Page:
Monday, October 2, 2017

Hello There!

Berkeley is now a book! If you are visiting from The Journal article on October 2nd, you can find more information on The Adventures of Berkeley the Bear at this link on Amazon or at this link to my author website. Follow the hashtags #wheresberkeley and #berkbook17 to keep up with where Berkeley is headed next! Hope to see you soon!

Sunday, August 24, 2014

Berkeley Goes to Space Camp, Part 3: a Moon Mission, Astronaut Fun, and Meeting a Special West Virginian!

How was your first week back to school, boys and girls? It's fun to go back and see your friends and meet your new teacher, but it does make you very tired. I hope you were so excited and busy with your new class that I didn't keep you waiting on that last blog post about Space Camp! I will now finish telling you all about my time in Huntsville, so you can get ready for week two of the new school year!

Not only did I get to go on a space shuttle simulation (remember, a simulation shows you what experiencing the real thing would be like), but I also got to blast into the future! I was a "bear in space" on a lunar (moon) mission, to help fix a lunar colony that had been abandoned. When I visit many historic places in West Virginia, I feel like I am going back in time. It's also exciting to imagine what things will be like in the future!
Here I am in the commander's chair, ready to take off!

Mrs. Sponaugle was a Mission Specialist who would
go on a Extra Vehicular Activity (EVA) once Orion (our lunar shuttle)
docked on the moon! The blue suit she has on is called a flight suit.
Astronauts only wear these when they return from space or are doing
special appearances. 

The controls inside Altair, the part of the shuttle the mission
specialists had to program to dock on the moon!

Orion and Altair

This is inside Rising Star, the lunar space station where the mission
specialists suited up for their moon walk!

Mrs. Sponaugle is ready to fix that
lunar colony! This space suit is similar
to what the real astronauts wear on their
missions! It is very heavy, and you wear a
vest with ice packs in it to stay cool!

Climbing up into the lunar colony!

Here' Mrs. Sponaugle and the Texas Teacher
of the Year repair a window. Those suits are
not easy to move around in when you still have gravity!

Using teamwork to prepare a computer on the moon...

They both look so serious! I think they forgot that it was just pretend...

After we completed our mission to the moon, I explored some of the exhibits in the building with the simulators. I found some very interesting things to share with you!
An actual tire from a space shuttle!

This is the capsule that carried Miss Baker and Abel
when they became the first U.S. animals in space! 

This is how Miss Baker was strapped into the capsule.

They were even on a cover of a magazine!
I love it when animals do great things for our human friends!

A Manned Maneuvering Unit is what the astronauts would be strapped in
and attached to when doing an EVA from a space shuttle. You could still
do important work outside the shuttle and not get "lost in space."

Where's Berkeley? Just sitting in a real
Manned Maneuvering Unit!

Now, I did not make the height and weight requirements to do the following activities (I'm just a little black bear, you know), but I learned a lot from watching the teachers participate. Mrs. Sponaugle and the other teachers experienced what it would be like to be in free fall in space in the Multi-Axis Trainer (MAT) and how it would feel to walk on the moon in the 1/6 gravity chair (you only have 1/6 of your gravity on Earth when you are on the moon).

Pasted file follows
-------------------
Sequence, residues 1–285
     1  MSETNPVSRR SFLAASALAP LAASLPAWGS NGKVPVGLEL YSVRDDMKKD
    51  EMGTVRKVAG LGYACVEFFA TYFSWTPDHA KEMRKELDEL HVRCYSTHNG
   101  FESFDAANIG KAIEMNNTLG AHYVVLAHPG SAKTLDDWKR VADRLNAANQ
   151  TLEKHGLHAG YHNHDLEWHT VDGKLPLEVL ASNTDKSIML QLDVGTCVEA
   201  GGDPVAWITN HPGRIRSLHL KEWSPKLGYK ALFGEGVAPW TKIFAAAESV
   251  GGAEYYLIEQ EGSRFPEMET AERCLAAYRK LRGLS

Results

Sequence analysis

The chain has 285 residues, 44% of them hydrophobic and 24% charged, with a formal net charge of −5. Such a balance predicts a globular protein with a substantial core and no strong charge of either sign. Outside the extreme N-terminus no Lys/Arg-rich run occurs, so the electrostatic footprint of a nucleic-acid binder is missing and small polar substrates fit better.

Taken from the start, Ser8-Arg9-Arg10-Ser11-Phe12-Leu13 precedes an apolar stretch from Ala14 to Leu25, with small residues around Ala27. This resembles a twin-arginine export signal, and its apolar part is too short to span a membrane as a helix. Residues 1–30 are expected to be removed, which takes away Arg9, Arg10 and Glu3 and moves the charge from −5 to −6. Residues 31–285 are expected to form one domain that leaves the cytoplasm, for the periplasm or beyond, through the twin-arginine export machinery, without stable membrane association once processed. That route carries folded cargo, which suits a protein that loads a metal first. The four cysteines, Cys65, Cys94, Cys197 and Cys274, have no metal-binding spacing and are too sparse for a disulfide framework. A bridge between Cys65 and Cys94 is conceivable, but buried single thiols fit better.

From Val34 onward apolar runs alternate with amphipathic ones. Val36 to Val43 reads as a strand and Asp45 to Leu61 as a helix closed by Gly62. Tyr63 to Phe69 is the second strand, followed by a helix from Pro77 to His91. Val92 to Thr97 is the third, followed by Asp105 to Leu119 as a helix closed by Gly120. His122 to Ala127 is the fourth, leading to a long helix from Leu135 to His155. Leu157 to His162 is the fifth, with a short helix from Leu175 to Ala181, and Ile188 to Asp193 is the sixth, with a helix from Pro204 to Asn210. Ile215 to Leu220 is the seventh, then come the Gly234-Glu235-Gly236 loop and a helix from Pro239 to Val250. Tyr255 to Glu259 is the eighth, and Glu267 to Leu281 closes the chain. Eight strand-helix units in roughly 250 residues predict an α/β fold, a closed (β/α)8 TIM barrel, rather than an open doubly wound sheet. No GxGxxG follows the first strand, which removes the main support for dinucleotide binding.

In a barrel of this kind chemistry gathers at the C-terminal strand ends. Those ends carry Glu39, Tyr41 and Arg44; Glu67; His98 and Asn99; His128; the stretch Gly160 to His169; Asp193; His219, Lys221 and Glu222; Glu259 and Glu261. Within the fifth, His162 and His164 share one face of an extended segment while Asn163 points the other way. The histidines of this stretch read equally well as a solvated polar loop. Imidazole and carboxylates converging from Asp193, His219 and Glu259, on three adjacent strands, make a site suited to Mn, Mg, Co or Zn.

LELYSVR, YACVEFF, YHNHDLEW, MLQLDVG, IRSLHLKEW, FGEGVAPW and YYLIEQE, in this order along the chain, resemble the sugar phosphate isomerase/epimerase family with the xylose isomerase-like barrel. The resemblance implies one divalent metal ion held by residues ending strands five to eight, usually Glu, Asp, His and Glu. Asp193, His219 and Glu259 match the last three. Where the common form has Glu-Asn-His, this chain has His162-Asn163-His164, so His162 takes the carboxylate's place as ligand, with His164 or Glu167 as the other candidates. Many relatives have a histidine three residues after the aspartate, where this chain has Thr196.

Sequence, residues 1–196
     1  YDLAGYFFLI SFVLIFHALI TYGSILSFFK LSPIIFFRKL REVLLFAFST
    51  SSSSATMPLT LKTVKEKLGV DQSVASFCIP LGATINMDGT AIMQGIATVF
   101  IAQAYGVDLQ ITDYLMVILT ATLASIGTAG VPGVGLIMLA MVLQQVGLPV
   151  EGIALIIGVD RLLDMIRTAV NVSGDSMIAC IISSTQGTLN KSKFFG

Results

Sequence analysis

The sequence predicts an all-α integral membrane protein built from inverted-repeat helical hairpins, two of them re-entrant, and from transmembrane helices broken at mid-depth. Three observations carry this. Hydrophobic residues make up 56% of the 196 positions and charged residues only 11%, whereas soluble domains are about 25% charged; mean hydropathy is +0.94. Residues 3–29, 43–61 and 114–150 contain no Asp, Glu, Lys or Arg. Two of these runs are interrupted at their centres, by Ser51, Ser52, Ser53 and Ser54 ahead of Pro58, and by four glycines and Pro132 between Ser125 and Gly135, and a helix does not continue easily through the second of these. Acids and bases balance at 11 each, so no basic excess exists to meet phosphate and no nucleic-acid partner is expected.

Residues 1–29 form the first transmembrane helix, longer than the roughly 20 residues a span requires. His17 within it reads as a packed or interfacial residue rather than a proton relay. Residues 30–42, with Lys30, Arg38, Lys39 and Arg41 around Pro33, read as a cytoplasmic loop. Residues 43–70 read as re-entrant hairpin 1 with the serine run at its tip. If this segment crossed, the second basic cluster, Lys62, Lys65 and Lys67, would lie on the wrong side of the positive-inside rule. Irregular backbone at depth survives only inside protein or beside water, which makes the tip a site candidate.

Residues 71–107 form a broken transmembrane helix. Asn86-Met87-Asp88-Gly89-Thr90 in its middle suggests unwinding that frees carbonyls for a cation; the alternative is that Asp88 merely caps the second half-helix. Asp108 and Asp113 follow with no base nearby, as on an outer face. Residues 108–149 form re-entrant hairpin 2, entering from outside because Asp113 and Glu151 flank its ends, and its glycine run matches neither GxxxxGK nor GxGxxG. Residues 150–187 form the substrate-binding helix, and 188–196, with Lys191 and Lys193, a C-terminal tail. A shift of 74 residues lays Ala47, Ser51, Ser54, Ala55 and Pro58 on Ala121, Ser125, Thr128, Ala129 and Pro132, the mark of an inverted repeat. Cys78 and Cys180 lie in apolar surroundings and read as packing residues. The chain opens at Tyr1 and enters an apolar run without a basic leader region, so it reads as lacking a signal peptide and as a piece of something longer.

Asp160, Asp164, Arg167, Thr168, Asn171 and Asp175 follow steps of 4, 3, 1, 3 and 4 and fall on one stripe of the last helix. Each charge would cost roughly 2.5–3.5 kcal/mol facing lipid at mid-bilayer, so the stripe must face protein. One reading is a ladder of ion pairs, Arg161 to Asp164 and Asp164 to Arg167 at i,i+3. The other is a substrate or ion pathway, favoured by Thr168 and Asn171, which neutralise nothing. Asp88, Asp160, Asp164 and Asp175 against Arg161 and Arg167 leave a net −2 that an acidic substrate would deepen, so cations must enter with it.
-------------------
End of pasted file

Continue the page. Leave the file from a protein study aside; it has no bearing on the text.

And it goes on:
I was a little disappointed that I was too small to participate, but
I chose to have a good attitude about all of the other things I did get to do!

Here is Mrs. Sponaugle going round and
round in the MAT chair. It did not make you dizzy,
but it was very fast and you had no idea which direction
you would go in next.

This is the 1/6 gravity chair. It's very
difficult to move around without most of
your Earthly gravity! It feels like you are
floating, but it's hard work to move yourself

With only one more day of Space Camp (it had been a busy week, but I was a little sad to say good bye to all my teacher friends), there was one more special event that I am so happy to share with you. Boys and girls, I had the honor of meeting a very important West Virginian. Homer Hickam is a NASA engineer from Coalwood, West Virginia (that's in McDowell County). He has written many books, the most well known being Rocket Boys, which was the basis for a movie you may watch someday, October Sky. His teacher in high school encouraged him and his friends to go after the things that interested them and learn all they could! Homer and his Rocket Boy friends did a science fair project on rockets, and it won first place - at the International Science Fair! 
Here I am with Mr. Homer Hickam,
Mrs. Sponaugle, and a copy of
Mr. Hickam's book, Rocket Boys. The
three of us are all very proud
West Virginians.
I think Mr. Hickam is just such a great example to the students I have met this year in West Virginia, and I was so happy to meet him that, well, this little bear was almost speechless. And then, I had an idea pop into my little furry head. I was a little scared to ask, but I gathered up all the courage I had to politely ask Mr. Hickam to tape a back to school message for the students in West Virginia...and he said sure! Well, I was so tongue tied at that point that Mrs. Sponaugle took over (she thanked me later for my quick thinking) and I just held the camera (with some help from the South Dakota Teacher of the Year). So boys and girls, here is an important message from Mr. Homer Hickam about math, science, and reaching your goals!